In this context, perhaps it is necessary to let the British media and the government know that India is in no way indebted to Britain, but, on the other hand, has every right to marginalise it, giving the record of a common history. For over 150 years, Britain indulged in wholesale robbery of India, reducing, in the process India’s status around 1700 AD as the second largest economy to one of the lowest by the time India won independence. As the historian Rajat kanta Ray (1998) put it, what Britain did to India in the 18th century onward was “a form of plunder and a catastrophe” that in 1770 alone helped cause a terrible famine which killed a third of the people of Bengal. During the period 1780-1860 India changed from being an exporter of processed goods for which it received payment in bullion, to being an exporter of raw materials. Starting in the 1830s, British textiles started to inundate the Indian market with the value of textile imports rising from £5.2 million in 1850 to £18.4 million in 1896.
The Indian textile industry was throttled and industrial development was discouraged. Britain prospered at the cost of India. Every effort was made to despoil India’s cultural heritage. Indian soldiers were employed to conquer distant lands. Indian Armed Forces were used to fight Britain’s imperial wars. Thousands of Indian men got killed both in the First and Second World wars, so that Britain can survive. In India itself, violence was let loose against freedom fighters, with thousands killed and thousands more imprisoned. The killing of the innocents at Jallianwala Bagh was the ultimate in British barbarism. Insults were hurled at Indian leaders, such as Winston Spencer Churchill calling Gandhi a ‘naked fakir’. British rule deliberately sought to widen the divide between Hindus and Muslims that ended in Partition. And yet India never returned violence with violence. Right from the beginning Britain supported the Muslim League cause and Pakistan’s illegal claims to Jammu & Kashmir and a final effort to disposses India of the state was officially made following India’s suffocating defeat at the hands of China. India put up with it all with patience and dignity. It even decided to remain in the Commonwealth, forgetting all past beatings stoically. For all the possible benefits India has gained, it has always remained grateful.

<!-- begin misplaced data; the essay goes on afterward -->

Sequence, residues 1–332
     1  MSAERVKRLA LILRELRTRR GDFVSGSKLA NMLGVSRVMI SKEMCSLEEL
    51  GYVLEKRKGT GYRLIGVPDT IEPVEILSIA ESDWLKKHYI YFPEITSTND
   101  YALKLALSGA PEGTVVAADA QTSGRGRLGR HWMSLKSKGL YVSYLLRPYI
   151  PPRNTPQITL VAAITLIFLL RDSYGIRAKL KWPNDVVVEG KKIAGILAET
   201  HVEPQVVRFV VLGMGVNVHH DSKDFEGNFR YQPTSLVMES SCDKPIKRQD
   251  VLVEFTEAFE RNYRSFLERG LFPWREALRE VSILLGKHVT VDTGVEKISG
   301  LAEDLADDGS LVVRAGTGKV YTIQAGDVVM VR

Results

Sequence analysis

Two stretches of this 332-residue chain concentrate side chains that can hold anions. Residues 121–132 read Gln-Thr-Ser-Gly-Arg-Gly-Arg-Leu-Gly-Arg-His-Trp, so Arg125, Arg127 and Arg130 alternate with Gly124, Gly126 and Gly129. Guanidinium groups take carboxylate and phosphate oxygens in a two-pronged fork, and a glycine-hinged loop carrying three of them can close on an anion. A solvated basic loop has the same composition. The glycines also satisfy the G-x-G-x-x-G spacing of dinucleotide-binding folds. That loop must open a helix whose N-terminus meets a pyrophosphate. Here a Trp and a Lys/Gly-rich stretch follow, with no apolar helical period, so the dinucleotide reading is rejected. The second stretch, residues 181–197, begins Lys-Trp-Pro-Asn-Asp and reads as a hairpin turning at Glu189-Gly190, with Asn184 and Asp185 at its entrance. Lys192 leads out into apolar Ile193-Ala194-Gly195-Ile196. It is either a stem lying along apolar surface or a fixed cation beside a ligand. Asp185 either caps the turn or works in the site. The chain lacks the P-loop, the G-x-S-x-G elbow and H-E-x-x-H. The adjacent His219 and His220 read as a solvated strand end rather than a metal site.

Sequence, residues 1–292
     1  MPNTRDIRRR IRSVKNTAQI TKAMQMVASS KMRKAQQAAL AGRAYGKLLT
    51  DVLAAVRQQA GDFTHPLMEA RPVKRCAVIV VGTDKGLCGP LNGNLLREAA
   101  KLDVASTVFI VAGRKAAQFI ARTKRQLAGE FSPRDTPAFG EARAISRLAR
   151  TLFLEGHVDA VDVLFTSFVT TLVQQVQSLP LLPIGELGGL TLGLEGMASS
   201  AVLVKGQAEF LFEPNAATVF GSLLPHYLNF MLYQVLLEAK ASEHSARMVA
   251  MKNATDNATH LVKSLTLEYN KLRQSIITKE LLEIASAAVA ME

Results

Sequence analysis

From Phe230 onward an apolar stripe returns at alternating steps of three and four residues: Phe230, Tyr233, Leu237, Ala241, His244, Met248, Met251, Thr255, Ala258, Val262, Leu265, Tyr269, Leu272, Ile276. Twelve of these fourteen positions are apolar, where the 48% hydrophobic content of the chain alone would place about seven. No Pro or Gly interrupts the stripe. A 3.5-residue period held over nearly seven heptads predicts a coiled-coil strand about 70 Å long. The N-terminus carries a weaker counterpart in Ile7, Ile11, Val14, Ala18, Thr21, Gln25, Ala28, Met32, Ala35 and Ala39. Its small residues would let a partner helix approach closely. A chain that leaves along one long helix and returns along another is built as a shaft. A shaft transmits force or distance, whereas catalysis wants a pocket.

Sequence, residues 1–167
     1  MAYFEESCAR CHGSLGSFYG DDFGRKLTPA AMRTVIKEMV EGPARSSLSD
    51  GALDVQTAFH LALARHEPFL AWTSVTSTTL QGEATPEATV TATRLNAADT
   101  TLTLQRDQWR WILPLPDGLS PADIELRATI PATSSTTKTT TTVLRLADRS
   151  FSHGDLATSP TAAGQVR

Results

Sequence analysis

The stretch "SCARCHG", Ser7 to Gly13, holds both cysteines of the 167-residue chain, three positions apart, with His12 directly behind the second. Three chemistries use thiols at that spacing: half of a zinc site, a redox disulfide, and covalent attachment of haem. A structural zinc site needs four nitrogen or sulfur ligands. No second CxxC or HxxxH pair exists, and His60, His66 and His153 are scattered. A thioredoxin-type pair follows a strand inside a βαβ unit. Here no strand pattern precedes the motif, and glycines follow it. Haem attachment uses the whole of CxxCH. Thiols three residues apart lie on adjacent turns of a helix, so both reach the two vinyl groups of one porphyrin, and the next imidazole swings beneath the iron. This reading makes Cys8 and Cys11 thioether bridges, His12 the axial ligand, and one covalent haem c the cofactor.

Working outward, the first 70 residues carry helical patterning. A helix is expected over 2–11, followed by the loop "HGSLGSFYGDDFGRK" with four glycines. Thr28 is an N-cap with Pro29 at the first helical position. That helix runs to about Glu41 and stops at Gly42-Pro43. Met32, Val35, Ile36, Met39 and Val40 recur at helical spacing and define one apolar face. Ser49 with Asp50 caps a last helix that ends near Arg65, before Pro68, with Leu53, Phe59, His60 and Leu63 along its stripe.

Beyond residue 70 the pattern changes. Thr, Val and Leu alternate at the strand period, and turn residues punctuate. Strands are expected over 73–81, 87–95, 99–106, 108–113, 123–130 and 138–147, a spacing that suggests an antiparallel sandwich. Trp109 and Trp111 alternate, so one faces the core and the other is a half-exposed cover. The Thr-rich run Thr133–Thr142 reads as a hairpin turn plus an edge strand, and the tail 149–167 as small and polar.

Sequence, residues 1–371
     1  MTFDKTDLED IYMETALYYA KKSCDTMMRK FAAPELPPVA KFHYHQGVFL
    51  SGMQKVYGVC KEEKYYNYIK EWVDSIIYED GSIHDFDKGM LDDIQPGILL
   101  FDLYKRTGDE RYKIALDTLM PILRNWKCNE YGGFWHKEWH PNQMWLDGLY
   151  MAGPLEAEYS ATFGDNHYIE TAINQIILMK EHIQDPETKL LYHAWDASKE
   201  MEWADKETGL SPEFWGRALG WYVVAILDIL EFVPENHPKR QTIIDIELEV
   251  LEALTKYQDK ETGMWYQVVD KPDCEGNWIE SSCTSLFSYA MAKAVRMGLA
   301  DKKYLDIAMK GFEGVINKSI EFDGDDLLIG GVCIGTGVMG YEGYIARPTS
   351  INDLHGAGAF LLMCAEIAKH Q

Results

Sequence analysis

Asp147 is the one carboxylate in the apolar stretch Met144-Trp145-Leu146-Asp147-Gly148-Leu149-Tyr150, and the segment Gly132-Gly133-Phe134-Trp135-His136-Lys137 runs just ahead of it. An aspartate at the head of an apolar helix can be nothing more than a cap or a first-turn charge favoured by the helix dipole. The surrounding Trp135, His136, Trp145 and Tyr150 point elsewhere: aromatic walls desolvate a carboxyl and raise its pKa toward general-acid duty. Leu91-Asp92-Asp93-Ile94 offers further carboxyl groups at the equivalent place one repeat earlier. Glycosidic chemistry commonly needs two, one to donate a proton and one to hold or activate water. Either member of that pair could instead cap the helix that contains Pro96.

India is a civilised country. For the British media now to turn hostile towards India shows the degradation of British culture – if such a thing exists. It also shows an ignorance of history indicating an arrogance so familiar to Indians. If it is a matter of gratitude, yes, the British have shown an utter lack of gratitude towards India. What the new generation of the British must know is that times have changed. India is marching ahead. And the western world has better realise it. Sure, there still is poverty in India but ask British historians what Britain was like in the 18th century. It is suggested that the British read Dickens and even Marx, to understand how things were in England in the distant past. India bears no hatred towards Britain; it is not in our culture. But a word of warning: do not alienate India. For all that it suffered at the hands of Britain, India remains grateful. To run India down in a sea of self-pity would be on the part of the British self-destructive. What the British need is education in history, not an order for Typhoons.